A decade of hotel expansion across London and the South of England is set to be reversed as one in ten (10%) of hotel businesses struggling with unsustainable debts, losses and staffing problems could decide to close permanently according to new analysis by Azets.
Citing industry reports indicating the scale of the financial and resourcing problems affecting the sector, Matthew Richards, Partner, Restructuring, in Azets’ London office, said that it is entirely possible that 10% of hotels in London could be forced to shut permanently by 2023.
Richards said “UKHospitality recently reported that the sector has £2.5bn in rent arrears alone due to the pandemic, further compounding the millions of pounds borrowed through the various Covid loan schemes made available last year. In addition, the latest survey from Market Recovery Monitor has disclosed that nearly 10% of UK restaurants have closed since the pandemic. The hotel sector is probably going to be just as severely affected during the next 18 months.”
“Many hotel businesses are seasonal yet have already been unable to capitalise on the normal Spring upturn in bookings. The collapse in business travel and the prevalence of working from home together with the cancellation of major events, weddings, parties, conferences and tourism has led to reduced occupancy and a severe haemorrhaging of income. Furthermore, hotels are also usually heavily geared with sizeable loans whilst still having to meet routine costs such as staffing, insurance, heating and marketing.”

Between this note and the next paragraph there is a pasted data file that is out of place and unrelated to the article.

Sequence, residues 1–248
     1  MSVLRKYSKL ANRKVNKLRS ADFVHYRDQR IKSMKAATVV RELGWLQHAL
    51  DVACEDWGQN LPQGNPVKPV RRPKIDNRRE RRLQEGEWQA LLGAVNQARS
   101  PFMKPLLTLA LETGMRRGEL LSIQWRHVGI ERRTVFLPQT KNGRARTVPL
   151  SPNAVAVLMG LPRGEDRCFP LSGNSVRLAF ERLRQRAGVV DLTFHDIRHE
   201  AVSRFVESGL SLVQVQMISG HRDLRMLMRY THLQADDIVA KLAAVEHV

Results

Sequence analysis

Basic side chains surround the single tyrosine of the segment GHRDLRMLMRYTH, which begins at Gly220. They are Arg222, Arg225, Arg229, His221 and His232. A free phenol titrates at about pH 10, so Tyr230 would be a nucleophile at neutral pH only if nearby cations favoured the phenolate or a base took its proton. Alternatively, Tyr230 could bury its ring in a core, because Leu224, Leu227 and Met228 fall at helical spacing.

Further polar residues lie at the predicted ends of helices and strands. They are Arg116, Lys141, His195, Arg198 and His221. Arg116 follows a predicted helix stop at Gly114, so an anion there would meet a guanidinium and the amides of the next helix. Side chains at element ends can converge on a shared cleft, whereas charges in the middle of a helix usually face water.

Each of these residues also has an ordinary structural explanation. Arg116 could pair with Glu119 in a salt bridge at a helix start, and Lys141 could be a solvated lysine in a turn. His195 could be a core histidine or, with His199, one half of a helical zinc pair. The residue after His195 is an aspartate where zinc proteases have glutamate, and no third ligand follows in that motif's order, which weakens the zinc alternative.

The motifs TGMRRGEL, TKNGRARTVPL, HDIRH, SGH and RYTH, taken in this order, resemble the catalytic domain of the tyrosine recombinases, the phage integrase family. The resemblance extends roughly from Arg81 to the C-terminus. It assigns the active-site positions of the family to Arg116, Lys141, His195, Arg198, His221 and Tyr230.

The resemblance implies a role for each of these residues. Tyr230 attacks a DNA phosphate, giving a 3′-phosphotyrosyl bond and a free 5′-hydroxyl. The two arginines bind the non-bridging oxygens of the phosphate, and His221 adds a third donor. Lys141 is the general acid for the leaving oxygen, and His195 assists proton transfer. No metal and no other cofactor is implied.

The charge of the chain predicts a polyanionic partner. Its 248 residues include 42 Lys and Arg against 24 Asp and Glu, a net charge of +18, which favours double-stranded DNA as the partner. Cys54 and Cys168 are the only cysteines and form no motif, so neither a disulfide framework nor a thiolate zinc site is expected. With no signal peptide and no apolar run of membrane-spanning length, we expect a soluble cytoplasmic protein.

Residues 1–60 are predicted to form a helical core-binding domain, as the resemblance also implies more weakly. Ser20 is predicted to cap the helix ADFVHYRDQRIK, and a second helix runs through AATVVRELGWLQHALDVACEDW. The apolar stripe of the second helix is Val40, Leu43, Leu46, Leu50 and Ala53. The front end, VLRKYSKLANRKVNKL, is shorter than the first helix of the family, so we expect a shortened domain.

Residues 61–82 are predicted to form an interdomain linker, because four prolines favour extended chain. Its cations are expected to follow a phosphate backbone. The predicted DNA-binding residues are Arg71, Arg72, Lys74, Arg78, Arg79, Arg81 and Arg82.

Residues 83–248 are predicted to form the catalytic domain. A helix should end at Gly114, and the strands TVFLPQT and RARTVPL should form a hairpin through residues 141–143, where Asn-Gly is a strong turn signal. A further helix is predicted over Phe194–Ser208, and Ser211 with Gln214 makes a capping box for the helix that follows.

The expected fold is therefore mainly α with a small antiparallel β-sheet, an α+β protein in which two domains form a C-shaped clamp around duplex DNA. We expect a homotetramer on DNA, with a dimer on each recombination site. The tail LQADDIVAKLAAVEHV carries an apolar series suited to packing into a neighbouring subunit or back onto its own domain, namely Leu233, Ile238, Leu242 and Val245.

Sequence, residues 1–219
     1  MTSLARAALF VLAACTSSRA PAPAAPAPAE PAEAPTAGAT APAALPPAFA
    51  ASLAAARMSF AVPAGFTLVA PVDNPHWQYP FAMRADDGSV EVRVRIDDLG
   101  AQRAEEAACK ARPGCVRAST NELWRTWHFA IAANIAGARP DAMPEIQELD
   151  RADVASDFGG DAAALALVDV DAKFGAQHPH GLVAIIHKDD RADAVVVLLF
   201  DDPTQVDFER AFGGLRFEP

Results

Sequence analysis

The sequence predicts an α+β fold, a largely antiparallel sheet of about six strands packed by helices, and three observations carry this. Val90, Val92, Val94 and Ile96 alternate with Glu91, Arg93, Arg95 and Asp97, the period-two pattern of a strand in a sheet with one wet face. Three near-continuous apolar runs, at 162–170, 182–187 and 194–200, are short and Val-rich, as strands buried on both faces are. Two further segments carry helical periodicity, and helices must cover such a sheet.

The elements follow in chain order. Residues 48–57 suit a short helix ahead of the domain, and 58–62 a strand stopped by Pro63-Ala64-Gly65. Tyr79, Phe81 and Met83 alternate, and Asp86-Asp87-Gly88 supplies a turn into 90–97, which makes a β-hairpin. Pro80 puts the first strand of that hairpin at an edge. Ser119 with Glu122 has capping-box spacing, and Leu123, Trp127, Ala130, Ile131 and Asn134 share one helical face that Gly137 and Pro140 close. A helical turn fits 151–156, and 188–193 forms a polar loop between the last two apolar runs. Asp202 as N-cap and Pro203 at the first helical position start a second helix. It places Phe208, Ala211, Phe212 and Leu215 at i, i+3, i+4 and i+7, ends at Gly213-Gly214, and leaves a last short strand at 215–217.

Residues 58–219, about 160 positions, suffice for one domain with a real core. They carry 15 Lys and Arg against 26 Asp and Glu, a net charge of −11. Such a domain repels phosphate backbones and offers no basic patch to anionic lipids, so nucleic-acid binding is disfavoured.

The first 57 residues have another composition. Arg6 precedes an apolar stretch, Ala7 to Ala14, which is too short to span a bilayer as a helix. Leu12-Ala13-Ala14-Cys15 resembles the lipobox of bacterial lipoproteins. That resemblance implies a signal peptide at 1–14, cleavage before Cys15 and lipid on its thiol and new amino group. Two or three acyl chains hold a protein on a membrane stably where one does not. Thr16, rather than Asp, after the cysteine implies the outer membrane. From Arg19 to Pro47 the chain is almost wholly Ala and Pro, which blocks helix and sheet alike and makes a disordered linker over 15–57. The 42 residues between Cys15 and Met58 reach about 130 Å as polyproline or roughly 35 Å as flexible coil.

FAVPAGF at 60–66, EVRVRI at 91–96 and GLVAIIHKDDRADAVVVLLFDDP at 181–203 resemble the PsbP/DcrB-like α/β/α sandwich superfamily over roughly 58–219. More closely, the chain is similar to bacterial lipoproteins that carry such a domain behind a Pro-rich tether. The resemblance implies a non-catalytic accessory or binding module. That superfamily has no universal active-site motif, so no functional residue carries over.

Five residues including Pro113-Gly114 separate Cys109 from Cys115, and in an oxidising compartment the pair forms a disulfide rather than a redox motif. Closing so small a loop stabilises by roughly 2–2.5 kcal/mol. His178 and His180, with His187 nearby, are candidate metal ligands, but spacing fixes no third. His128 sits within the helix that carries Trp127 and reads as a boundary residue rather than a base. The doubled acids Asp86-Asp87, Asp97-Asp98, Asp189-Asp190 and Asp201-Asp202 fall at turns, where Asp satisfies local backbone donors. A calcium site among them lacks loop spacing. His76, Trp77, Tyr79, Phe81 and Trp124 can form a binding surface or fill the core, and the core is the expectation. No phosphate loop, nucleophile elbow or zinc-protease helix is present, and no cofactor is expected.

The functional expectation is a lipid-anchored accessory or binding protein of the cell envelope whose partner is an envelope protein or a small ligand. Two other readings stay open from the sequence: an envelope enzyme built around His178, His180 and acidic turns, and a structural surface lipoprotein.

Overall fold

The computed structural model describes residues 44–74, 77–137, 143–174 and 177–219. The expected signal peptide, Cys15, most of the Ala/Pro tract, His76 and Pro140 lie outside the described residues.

“While many people are planning to staycation due to the difficulties of overseas travel during the pandemic rather than go abroad, unfortunately, the sector is now facing an unprecedented set of problems that is almost certainly set to cause long term strategic damage to the hotel and hospitality sector in the South and South East of England. It would be entirely reasonable if several hotel operators, owners and entrepreneurs decide that the problems are insurmountable and close their businesses. If 10% of hotels close, it will have a serious impact on local urban and rural economies given the importance of the sector in terms of employment, investment and the cohesive role hotels play in local communities.”
Richards urged hotel operators and owners concerned about the scale of the problem affecting the sector to move swiftly to cut cost, preserve cash, communicate with their lenders and consider restructuring the business. “The hotel sector in the South of England is tackling an unprecedented number of problems, and there will inevitably be winners and losers. The winners are likely to be those businesses that invest in taking the right advice in order that they may better manage their cash and key stakeholders so that they can come through and maximise their chances of capitalising on the recovery.”